Doulas and Informed Consent

Jul 17, 2013 by

One of our primary functions is to empower the mother and her partner to ask questions.  Many of us feel that a nudging, “Do you have any questions about that?” should get our clients more information in the labor room.  Often I can tell them what they need to know, but I don’t consider that to be my role.  It also defeats one of my main unstated purposes:  to increase communication and trust between patient and medical care provider (MCP).  The more I assist information to flow from the doctor, nurse or midwife towards my client, the more improved their relationship will be.  Mother and her partner or family member can also evaluate their MCP and whether their approaches match.  If I do the talking, those important processes don’t take place.  I know what I know so I can tell whether they are getting the information they need.

What if the mother and her family aren’t getting the information she needs?  What if an important piece is missing?  Then I ask.  Depending on the situation, a direct or indirect approach may be best.  Direct approach:  “Is timing an issue with this procedure?  Some other physicians at this hospital had mentioned that to me before?”  I recommend never mentioning that you read something somewhere – it can be interpreted that you are trying to one up the MCP – bad move!  But stating that you heard it from a MCP with equal status or that you observed it at another hospital works better.   The direct approach works best when you sincerely act curious.  You need to be really present with the thought – “Why is it being recommended this way?

If you have another agenda or predominant emotion it is likely that your subliminal behavior will reveal that and be interpreted negatively– often on an unconscious level.  So the direct approach needs to be used attentively by the doula.  Your client also gets the message from your question that there are different approaches – which the MCP may not care for.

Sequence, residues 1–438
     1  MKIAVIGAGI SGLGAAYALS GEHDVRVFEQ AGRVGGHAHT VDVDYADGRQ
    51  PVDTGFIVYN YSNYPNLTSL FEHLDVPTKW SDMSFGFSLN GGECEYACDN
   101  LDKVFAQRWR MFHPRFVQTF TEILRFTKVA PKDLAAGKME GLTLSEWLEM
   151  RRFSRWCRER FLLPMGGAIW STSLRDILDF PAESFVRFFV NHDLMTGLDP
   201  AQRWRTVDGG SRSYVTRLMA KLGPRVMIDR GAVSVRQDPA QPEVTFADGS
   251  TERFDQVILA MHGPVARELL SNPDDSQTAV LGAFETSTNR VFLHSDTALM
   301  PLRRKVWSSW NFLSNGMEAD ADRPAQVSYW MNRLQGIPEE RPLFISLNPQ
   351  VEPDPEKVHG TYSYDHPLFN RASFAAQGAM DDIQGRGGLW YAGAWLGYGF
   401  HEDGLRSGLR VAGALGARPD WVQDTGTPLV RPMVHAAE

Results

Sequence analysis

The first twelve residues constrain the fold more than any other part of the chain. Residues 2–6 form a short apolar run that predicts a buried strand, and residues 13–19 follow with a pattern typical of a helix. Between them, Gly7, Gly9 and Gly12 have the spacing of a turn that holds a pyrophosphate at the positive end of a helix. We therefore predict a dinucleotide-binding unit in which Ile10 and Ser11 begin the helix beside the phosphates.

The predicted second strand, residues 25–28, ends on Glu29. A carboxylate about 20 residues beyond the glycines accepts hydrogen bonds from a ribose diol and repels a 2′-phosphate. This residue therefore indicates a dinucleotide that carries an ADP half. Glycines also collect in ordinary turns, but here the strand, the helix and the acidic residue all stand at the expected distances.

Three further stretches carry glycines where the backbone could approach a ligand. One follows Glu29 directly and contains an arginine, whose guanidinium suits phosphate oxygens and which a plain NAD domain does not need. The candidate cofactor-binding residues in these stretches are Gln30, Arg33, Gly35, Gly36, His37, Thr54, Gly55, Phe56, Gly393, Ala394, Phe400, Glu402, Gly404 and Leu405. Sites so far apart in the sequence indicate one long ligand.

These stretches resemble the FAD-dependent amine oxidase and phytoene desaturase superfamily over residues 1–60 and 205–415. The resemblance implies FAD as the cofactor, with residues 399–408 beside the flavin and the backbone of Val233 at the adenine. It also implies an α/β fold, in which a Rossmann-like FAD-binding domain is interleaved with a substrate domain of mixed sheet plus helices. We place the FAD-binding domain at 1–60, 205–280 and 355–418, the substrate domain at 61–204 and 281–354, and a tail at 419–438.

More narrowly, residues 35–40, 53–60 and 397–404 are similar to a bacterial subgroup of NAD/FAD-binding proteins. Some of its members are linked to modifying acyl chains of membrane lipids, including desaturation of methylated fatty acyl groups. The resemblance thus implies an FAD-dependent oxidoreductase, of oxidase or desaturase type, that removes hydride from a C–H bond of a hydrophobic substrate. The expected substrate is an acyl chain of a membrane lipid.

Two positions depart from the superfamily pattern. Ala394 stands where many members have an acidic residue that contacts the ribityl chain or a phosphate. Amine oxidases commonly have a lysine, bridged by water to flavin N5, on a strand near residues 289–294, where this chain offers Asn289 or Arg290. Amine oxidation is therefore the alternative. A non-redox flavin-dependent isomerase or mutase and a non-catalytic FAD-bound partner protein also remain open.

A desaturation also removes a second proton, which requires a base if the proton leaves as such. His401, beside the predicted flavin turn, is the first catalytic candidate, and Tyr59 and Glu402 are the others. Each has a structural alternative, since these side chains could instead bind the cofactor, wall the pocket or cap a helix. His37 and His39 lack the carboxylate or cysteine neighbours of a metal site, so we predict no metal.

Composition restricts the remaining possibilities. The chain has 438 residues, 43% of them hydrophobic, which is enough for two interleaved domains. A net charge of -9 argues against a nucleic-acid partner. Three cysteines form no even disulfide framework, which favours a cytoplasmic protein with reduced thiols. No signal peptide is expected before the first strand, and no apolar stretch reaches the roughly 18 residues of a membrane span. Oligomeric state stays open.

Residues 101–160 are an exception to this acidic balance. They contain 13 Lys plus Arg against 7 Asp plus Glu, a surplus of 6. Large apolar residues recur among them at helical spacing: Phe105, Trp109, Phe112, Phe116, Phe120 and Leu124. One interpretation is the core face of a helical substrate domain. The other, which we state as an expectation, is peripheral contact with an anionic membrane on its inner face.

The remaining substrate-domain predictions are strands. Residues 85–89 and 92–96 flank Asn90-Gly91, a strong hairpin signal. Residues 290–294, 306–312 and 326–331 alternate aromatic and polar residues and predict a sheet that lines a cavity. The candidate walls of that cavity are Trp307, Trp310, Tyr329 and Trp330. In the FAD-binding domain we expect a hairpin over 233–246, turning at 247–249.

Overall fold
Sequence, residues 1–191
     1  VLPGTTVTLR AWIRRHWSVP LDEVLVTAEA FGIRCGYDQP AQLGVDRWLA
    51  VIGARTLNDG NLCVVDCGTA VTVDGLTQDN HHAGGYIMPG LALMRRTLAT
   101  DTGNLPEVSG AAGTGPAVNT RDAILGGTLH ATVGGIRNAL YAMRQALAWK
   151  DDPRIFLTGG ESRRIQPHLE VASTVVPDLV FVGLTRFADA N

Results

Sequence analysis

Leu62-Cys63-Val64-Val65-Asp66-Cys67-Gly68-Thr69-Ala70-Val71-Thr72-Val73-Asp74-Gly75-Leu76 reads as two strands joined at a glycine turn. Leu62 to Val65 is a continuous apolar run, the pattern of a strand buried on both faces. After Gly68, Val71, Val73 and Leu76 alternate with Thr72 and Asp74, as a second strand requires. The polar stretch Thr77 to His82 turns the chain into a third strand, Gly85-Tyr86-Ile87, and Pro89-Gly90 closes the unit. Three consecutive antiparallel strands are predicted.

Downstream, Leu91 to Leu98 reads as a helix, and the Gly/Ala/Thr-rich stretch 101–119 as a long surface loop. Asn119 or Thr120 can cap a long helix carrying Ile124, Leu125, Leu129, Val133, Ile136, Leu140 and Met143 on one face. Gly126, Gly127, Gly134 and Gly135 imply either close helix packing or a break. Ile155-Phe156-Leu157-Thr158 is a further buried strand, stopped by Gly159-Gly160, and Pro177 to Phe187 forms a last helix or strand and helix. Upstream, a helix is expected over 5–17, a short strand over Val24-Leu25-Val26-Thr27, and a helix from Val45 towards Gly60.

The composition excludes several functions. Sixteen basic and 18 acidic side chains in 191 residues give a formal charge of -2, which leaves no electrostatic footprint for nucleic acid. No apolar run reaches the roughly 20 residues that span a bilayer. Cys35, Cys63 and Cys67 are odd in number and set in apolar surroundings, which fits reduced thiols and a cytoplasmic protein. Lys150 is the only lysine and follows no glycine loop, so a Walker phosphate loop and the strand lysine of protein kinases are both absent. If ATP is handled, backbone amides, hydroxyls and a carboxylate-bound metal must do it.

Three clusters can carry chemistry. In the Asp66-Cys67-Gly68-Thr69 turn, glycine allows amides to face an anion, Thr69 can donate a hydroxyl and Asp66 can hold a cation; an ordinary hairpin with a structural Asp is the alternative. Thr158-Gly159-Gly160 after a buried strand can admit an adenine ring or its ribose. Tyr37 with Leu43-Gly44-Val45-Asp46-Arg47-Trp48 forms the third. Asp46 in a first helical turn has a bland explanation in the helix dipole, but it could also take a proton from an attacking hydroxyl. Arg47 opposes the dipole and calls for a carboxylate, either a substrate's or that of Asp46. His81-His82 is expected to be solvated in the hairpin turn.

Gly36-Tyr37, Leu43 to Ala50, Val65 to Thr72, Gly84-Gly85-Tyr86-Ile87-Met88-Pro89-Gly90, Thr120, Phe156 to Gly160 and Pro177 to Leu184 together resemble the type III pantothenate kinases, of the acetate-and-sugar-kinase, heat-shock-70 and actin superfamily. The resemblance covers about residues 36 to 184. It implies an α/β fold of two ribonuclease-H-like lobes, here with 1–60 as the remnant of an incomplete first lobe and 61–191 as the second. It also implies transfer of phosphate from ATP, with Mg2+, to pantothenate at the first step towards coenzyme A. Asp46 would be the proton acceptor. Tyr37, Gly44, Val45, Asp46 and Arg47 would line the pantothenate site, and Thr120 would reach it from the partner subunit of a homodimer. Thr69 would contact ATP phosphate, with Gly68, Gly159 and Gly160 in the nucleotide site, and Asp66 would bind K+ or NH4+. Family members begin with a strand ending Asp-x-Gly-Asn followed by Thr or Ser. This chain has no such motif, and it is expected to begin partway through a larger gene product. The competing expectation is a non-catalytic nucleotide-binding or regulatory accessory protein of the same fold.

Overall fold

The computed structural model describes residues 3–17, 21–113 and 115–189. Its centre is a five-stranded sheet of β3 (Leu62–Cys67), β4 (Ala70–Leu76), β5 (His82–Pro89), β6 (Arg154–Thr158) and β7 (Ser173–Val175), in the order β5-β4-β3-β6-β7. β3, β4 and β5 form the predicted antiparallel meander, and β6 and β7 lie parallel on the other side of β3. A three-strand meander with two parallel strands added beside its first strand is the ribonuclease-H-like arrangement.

The indirect approach can also be referred to as the Dumb Doula approach.  “Isn’t there something about…um, well…the timing, is it called, with this procedure?”   You are asking a leading question in a non-threatening voice.  This strategy is designed to solicit information from the nurse, physician or midwife without challenging them or their authority.  To be honest, I use this approach most often.  It’s been the most effective at meeting my client’s needs over the years.  Now the Dumb Doula approach is not without controversy.  It certainly doesn’t add to our professional reputation or appeal!  “Those doulas might know how to rub a back, but you’d think they’d have learned some more technical stuff by now.”  Additionally, some doulas may think it is manipulative, that we aren’t being authentic.  To me, crafting communication strategies to maximize effectiveness is what I do all over my life: with my family, my students, in mentoring situations.

Some physicians and midwives are happy to answer questions until their patient is comfortable with the recommended treatment or another decision has been reached.  Others seem to feel that asking questions is equal to challenging their authority.  They may seem brusque or annoyed.  Often it is a clash of health care philosophies.  Your client is likely to be wanted to be treated as an individual and to cooperatively make decisions with the doctor or midwife (who is likely a stranger).  However the MCP is likely to see him or herself as the knowledgeable authority whose role it is to make medical decisions.  In addition, they will have to answer not only to the patient, but their colleagues, the hospital administrator, their liability insurance company, and maybe a judge and jury.  So doing what your client wants rather their preference can be a loaded proposition for a physician or midwife.

Having said that, doulas prompting clients to ask questions and receiving answers actually helps informed consent.  When mothers and their partners receive more complete information regarding procedures and intervention, this actually helps the MCP if an action is called into question.  It also decreases the likelihood of a complaint or lawsuit.  Both patient satisfaction studies in public health journals and birth satisfaction studies in nursing and midwifery journals give the same conclusion.  Involved decision making and more complete information from MCPs leads to greater satisfaction, better long term outcomes, and fewer legal actions against physicians.

As doulas our prompts to get more information for our clients is a win/win for physicians and their patients.  The more moms know before something is done, the more satisfied they can be afterward – both immediately and weeks and months afterward.  I just wish more physicians and nurses understood that.

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